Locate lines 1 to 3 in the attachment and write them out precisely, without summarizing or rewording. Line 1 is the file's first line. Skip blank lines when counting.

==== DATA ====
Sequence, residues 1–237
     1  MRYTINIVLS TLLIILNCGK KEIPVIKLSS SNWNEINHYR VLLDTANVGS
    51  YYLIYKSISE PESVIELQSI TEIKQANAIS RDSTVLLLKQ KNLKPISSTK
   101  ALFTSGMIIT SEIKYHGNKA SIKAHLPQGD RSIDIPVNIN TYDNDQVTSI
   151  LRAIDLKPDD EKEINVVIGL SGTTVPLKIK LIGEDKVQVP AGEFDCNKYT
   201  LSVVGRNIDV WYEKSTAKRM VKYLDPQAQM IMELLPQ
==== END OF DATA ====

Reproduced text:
Sequence, residues 1–237
     1  MRYTINIVLS TLLIILNCGK KEIPVIKLSS SNWNEINHYR VLLDTANVGS
    51  YYLIYKSISE PESVIELQSI TEIKQANAIS RDSTVLLLKQ KNLKPISSTK